Caracal

Caracal (Felis) caracal

SUBFAMILY

Felinae

TAXONOMY

Felis caracal (Schreber, 1776), South Africa OTHER COMMON NAMES

English: Desert lynx; French: Caracal: German: Caracal, Wustenluchs; Spanish: Caracal, lince africano.

PHYSICAL CHARACTERISTICS

Length 22-35 in (55-90 cm); tail 9-13 in (22-34 cm); weight 35-48 lb (16-22 kg). Uniform tawny brown to brick-red coat. Short face, large ears with black backs and 2 in (5 cm) black tufts. Dark facial markings on cheeks and above eyes, edged with white. Very long legs, with high hindquarters and big feet.

DISTRIBUTION

Sub-Saharan Africa, Asia from Arabia to northern India, and Russia.

HABITAT

Dry savanna and woodland, especially scrubby, arid habitat. Rarely in evergreen and montane forest.

BEHAVIOR

Solitary, territorial. Predominantly nocturnal, but also seen in daytime. Agile climber. Home ranges of males 12-26 mi2 (31-65 km2), females 1.5-12 mi2 (4-31 km2).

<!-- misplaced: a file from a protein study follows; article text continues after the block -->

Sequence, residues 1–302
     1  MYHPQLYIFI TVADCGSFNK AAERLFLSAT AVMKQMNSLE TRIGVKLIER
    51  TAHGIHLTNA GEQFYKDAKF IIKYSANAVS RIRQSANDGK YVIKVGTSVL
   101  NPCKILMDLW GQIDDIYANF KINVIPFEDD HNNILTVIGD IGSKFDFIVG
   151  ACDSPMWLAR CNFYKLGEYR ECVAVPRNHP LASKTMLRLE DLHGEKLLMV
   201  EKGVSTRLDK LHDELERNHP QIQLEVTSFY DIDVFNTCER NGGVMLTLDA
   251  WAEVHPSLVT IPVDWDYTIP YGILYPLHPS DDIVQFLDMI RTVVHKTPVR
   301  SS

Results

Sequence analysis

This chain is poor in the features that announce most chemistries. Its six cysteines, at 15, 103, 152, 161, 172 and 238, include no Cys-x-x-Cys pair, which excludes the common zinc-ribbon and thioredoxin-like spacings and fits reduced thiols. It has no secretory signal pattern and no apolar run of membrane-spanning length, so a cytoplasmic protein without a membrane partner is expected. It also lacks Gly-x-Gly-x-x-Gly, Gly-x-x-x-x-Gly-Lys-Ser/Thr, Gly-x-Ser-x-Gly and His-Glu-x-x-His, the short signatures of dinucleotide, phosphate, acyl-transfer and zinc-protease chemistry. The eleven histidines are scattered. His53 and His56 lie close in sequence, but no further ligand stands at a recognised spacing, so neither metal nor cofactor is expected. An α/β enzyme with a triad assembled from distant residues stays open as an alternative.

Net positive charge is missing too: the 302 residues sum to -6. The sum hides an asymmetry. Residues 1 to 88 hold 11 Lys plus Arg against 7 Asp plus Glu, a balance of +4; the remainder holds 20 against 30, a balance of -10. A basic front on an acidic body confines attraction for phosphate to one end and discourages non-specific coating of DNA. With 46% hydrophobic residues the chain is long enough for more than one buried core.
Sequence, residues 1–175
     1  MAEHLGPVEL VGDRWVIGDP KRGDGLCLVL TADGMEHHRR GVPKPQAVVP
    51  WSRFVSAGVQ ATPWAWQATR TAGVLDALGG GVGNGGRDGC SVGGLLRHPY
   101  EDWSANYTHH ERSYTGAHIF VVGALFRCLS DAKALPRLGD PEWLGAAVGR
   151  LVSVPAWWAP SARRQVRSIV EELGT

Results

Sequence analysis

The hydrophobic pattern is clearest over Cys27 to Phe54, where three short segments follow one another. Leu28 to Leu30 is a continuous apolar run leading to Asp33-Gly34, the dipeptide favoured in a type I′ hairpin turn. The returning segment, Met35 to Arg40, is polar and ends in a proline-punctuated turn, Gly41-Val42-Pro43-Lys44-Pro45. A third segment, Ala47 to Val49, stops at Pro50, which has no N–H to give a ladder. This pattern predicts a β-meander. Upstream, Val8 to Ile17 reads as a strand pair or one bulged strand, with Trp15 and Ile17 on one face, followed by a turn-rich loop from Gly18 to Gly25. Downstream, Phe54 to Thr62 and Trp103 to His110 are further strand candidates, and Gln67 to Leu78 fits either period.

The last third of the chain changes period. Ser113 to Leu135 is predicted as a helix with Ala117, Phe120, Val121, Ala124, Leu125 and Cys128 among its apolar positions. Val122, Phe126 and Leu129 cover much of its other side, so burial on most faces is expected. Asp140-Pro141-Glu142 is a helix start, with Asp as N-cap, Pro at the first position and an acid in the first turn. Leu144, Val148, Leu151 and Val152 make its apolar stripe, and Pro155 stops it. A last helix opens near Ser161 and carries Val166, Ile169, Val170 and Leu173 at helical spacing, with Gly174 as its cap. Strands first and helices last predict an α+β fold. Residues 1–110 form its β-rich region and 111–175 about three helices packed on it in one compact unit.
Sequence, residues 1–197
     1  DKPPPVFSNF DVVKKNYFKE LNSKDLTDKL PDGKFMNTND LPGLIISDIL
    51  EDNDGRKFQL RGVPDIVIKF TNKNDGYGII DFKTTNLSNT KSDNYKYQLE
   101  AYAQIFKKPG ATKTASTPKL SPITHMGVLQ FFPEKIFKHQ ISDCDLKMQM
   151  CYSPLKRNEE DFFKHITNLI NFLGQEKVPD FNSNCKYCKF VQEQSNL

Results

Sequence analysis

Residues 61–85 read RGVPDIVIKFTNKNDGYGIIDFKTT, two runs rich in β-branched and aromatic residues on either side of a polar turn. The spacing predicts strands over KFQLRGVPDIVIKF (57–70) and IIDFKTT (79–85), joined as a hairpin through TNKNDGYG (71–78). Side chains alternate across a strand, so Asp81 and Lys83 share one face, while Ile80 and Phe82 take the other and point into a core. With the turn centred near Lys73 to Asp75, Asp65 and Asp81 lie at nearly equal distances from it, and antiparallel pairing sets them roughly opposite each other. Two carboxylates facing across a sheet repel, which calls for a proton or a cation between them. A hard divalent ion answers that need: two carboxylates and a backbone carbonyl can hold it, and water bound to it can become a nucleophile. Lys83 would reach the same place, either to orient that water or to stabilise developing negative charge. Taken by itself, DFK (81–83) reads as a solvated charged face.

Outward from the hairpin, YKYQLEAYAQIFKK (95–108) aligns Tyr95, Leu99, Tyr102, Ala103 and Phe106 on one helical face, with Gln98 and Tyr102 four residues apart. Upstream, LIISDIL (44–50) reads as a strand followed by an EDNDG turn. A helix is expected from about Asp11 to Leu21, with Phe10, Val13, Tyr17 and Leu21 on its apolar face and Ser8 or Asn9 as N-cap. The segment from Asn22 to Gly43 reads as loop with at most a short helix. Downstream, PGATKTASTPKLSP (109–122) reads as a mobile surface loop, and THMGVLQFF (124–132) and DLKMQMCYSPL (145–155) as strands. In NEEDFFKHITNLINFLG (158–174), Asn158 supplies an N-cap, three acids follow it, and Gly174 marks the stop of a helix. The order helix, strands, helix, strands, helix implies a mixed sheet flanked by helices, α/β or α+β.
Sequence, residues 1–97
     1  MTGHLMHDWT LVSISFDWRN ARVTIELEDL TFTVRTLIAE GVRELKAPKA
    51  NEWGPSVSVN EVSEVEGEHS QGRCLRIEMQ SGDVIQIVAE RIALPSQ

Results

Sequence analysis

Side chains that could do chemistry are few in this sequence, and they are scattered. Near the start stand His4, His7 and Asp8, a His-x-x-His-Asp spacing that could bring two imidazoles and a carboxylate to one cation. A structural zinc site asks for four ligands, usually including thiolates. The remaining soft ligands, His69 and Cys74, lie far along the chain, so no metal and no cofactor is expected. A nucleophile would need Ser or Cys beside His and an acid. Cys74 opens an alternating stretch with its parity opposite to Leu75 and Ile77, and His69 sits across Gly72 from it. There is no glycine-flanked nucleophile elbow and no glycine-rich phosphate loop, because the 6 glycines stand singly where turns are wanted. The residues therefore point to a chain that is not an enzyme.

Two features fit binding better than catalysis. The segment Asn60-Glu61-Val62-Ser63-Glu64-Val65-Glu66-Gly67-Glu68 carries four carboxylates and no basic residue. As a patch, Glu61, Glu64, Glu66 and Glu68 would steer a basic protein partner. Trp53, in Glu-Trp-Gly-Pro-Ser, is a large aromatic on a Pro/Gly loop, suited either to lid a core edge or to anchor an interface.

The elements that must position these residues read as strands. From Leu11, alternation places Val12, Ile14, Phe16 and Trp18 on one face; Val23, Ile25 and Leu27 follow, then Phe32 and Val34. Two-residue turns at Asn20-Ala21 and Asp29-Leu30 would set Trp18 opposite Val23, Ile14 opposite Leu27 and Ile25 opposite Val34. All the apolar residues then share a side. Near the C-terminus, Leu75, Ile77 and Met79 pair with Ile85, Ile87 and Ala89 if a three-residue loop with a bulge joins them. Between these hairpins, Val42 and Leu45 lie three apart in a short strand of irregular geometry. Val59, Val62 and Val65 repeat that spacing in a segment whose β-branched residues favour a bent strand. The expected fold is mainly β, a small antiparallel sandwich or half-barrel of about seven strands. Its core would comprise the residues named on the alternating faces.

FEEDING ECOLOGY AND DIET

Rodents, hares, hyraxes, small antelope and deer, and birds. Can take antelope up to size of young kudu, suffocating them with a throat bite. May (rarely) cache kill in tree. Can leap high to knock birds out of the air.

REPRODUCTIVE BIOLOGY

Polygamous. Breeds year round, gestation 62-81 days, litter one to four. Kittens begin eating meat after 4-6 weeks, weaned at 4-6 months.

CONSERVATION STATUS

Not listed by the IUCN. Population stable or expanding (in South Africa and Namibia local removal of jackals by farmers may benefit caracal).

SIGNIFICANCE TO HUMANS

Once trained in India and Persia to catch game birds and deer. Thousands are killed because of predation on small livestock, especially in southern Africa. However, caracals quickly recolo-nize farmland. Hunting for skin and bushmeat may be a threat in west and central Africa. ♦

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